Joe Crump, chief creative officer of Avenue A|Razorfish
Joe Crump talks about the dramatic change in the marketplace in last 18 months, brands discomfort with the decentralization of content, and the coming era of mobile.
Transcript: Joe Crump, chief creative officer of Avenue A|Razorfish
One of the biggest issues right now is sorting through a lot of the chaos that has resulted frankly from the onslaught in business. We are busier than we have ever been, which makes us very happy, but I think at the same time so much of the business is changing. The kinds of work that we re doing, the kinds of customers that we re targeting, the kinds of experiences we re building, a lot has changed just in the last 18 months. For us the capabilities that are provided by broadband and the fat pipe and the fat pipe -- what that enables online -- are extraordinary and huge have caused the kinds of people we recruit to be different within the agency environment, the kinds of projects we re doing, are different, the scale of them, the depth of them, has all changed pretty dramatically in the last two years. All our forecasts point towards that continuing at the same rate, so that s big big big stuff.
Our role has remained fairly constant, in that we are a digital agency, so our best value is to try to provide our clients with insights about their customers specifically with respect to their digital behavior. Typically when we stay in that zone we are able to be surprising and intensely valuable for our clients, because they are typically not getting that kind of guidance from many of their other agency partners and it s a space that is changing very dramatically, so people s behavior online is in fact evolving at a pretty brisk clip, so I think that our challenge as an agency is to try to stay ahead of those changes, and try to continue to translate those changes into valuable experiences online for our clients.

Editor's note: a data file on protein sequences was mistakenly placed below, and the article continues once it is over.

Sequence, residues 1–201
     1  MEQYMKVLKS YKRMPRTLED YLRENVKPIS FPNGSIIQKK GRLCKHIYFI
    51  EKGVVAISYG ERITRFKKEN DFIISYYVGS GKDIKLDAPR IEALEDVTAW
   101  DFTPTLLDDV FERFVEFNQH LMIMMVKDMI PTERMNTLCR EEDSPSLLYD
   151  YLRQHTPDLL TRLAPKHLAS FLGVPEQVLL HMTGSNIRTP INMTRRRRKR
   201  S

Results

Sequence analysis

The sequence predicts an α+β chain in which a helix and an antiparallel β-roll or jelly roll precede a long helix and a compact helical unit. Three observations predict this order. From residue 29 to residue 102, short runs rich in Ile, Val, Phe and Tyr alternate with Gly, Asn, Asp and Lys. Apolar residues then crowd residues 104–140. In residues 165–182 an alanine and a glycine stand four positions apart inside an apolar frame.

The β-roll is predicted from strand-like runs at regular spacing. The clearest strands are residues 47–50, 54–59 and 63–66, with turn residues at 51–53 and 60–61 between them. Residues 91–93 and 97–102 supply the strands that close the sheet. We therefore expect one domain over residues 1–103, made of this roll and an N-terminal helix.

The decentralization of content is a big big issue. Brands are having to get comfortable with the idea of being less monolithic than every before. We talk a lot about all brands at this point in the history of the world particularly when it comes to the web being social brands. So brands for better and for worse are open for comment and for contribution. Even when they don t want to be they are. Our point of view right now is that rather than trying to beat the customer you have to join them and create experiences fundamentally that are worth sharing with friends. Make elements of the brand be what we call pluckable, so there are elements of the brand experience that are easily shared and actually contribute social currency to the people who share them. It s more often than not a question of getting brand marketers comfortable with that idea, that their brand is going to be used in contexts and used in ways that are challenging for a lot of what they learned in business school.
When we look across our agency, particularly to our offices in Asia, frankly, they're just so far ahead of where the United States is. We are in our very very very very first fazes of what is possible in the mobile dimension and I m anxious and excited to see how that s going to play out. I think there are some things about our culture here that are profoundly different, but when I look at it just from an analytical or rational perspective, there s almost no scenario that doesn't have mobile becoming huge in the next couple of years. So I m incredibly excited to get started on that, and I m always puzzled about why brands are not doing more work in mobile. What keeps me up at night is thinking about whether or not we re going to be ready when the doors open for mobile.